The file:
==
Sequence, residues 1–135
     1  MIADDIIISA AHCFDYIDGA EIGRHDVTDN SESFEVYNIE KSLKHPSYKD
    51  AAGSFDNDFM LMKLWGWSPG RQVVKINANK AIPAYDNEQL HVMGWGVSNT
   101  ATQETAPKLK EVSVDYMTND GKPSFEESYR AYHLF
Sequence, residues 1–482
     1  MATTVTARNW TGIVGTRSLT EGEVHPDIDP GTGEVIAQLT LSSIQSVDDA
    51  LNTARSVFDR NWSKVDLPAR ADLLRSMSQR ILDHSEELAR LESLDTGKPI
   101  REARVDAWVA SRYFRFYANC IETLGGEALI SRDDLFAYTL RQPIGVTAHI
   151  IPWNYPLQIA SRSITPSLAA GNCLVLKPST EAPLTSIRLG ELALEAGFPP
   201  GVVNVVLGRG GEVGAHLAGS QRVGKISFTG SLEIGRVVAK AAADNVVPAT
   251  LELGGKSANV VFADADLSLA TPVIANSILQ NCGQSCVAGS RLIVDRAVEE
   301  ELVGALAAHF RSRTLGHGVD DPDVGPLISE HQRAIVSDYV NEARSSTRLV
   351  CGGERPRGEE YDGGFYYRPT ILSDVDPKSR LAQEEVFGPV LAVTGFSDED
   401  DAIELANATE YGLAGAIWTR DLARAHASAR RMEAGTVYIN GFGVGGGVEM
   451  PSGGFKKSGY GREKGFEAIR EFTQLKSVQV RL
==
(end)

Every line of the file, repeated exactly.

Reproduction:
Sequence, residues 1–135
     1  MIADDIIISA AHCFDYIDGA EIGRHDVTDN SESFEVYNIE KSLKHPSYKD
    51  AAGSFDNDFM LMKLWGWSPG RQVVKINANK AIPAYDNEQL HVMGWGVSNT
   101  ATQETAPKLK EVSVDYMTND GKPSFEESYR AYHLF
Sequence, residues 1–482
     1  MATTVTARNW TGIVGTRSLT EGEVHPDIDP GTGEVIAQLT LSSIQSVDDA
    51  LNTARSVFDR NWSKVDLPAR ADLLRSMSQR ILDHSEELAR LESLDTGKPI
   101  REARVDAWVA SRYFRFYANC IETLGGEALI SRDDLFAYTL RQPIGVTAHI
   151  IPWNYPLQIA SRSITPSLAA GNCLVLKPST EAPLTSIRLG ELALEAGFPP
   201  GVVNVVLGRG GEVGAHLAGS QRVGKISFTG SLEIGRVVAK AAADNVVPAT
   251  LELGGKSANV VFADADLSLA TPVIANSILQ NCGQSCVAGS RLIVDRAVEE
   301  ELVGALAAHF RSRTLGHGVD DPDVGPLISE HQRAIVSDYV NEARSSTRLV
   351  CGGERPRGEE YDGGFYYRPT ILSDVDPKSR LAQEEVFGPV LAVTGFSDED
   401  DAIELANATE YGLAGAIWTR DLARAHASAR RMEAGTVYIN GFGVGGGVEM
   451  PSGGFKKSGY GREKGFEAIR EFTQLKSVQV RL